The 2015 Internet Governance Forum (IGF) finished two weeks ago in João Pessoa, Brazil.
Along with the other RIRs and technical community organizations, APNIC was represented by four staff and the chair of the EC, Akinori Maemura.
This team was kept very busy during the week, and to illustrate, here are 10 highlights from the event:
1. The 10th IGF
The 10th IGF was an achievement in itself, showing how much the forum has evolved, grown and strengthened over the past 10 years. As the last IGF in the current cycle, it was important to have a popular and successful event. With more than 2,400 people from around 120 countries participating, as well as many more through remote participation, it is clear that the IGF is valued and will very likely continue.
The RIRs and others in the Internet technical community support the continuance of the IGF as an important way to ensure that the RIR system, and other technical aspects of the Internet, can be better understood by others. It is a place where we can also understand the concerns and positions of other stakeholders, and help to see those concerns addressed in the best way possible.
2. WSIS+10 Consultations
The IGF itself is a product of the World Summit on Information Society (WSIS), 10 years ago. In traditional UN style, a 10-year review of the WSIS – dubbed the WSIS+10 process – is now being held, and several sessions were dedicated to this process in João Pessoa.
A general consultation session was held, with a large audience, and with the UN co-facilitators for this process (from Latvia and UAE). Participants expressed their views about the current Draft Outcome Document, and all gave strong support to the multistakeholder model (as opposed to a multilateral model suggested by the Draft) and to the extension of the IGF itself. It would be very surprising for the co-facilitators not to take the very strong inputs from this session to the UN in New York.
3. Best Practices Forum – Creating an Enabling Environment for IPv6 Adoption
The NRO provided support for this session, which was designed to document and discuss the current “Best Practices” for IPv6 adoption from technical, business and policy perspectives. A public outcome document was presented during the IGF and will be finalized in December; we hope that this will be a valuable contribution in promoting the continued deployment of IPv6 globally.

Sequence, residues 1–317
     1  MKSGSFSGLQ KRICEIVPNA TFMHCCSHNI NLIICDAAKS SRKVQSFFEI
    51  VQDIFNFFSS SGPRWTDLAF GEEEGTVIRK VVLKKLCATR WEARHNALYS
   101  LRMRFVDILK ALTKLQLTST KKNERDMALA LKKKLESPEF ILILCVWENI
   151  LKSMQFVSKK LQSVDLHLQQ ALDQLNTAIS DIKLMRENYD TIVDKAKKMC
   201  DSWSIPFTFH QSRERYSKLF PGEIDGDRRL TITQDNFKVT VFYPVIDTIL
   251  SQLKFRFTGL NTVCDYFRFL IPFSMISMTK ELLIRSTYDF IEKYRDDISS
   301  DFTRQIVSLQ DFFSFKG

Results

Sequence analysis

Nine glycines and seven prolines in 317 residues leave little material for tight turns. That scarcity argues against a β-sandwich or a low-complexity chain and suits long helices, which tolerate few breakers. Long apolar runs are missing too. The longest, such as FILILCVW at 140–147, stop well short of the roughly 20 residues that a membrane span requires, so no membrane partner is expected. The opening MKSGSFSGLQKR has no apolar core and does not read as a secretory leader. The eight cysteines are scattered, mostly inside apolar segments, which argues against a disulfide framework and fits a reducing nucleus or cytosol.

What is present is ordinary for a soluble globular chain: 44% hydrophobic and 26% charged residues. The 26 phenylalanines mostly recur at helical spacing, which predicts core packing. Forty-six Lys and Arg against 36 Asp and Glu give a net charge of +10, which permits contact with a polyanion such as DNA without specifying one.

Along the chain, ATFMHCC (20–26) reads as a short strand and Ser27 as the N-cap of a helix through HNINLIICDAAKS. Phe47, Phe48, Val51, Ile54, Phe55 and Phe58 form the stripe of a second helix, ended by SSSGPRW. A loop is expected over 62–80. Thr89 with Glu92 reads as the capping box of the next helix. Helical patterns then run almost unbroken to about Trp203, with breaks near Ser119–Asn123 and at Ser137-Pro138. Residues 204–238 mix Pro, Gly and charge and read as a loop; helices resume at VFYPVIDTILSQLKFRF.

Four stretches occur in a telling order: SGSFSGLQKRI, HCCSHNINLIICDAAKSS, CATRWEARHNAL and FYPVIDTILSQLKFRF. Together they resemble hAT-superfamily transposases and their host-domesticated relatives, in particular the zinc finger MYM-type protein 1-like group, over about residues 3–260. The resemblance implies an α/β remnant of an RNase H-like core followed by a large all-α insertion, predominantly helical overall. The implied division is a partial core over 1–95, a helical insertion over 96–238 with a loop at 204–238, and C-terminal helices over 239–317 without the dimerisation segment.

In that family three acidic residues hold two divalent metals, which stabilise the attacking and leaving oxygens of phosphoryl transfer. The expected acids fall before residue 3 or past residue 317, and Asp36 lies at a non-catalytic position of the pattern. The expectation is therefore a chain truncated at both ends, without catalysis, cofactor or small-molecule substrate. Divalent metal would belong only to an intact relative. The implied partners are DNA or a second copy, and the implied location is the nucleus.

4. Open Forum on the Internet Number Community
This Open Forum, supported by the NRO, included members of the Numbering Community who gave their perspectives on the regional policy process, showing how it relates to the bigger Internet Governance environment. Panellists, including government representatives, discussed: how the number community has developed policies for the management and distribution of IP resources; how it has led the deployment of technologies that use such resources, i.e. IPv6; and how community-based efforts have produced a proposal for the transition of the stewardship of the IANA numbers function.
5. Side meetings
The IGF is a large international event and always gives a great opportunity for APNIC to meet with many different stakeholders in our work. In João Pessoa we met with: government representatives of India, Afghanistan, Singapore, Australia and Bangladesh; academic and non-government organizations from Sri Lanka, Bangladesh, and India; also several journalists and many other interested parties.
We also took the chance to attend coordination meetings held with the “I*” organizations (ISOC, IETF, ICANN, W3C, regional ccTLD groups, and RIRs), and among the NRO itself. An important topic of these meetings was the IANA stewardship transition, and in particular a number of issues that are still under discussion including: the CCWG proposal for improved ICANN accountability; revision of the ICANN Mission; and implementation of the IPR provisions of the transition plan.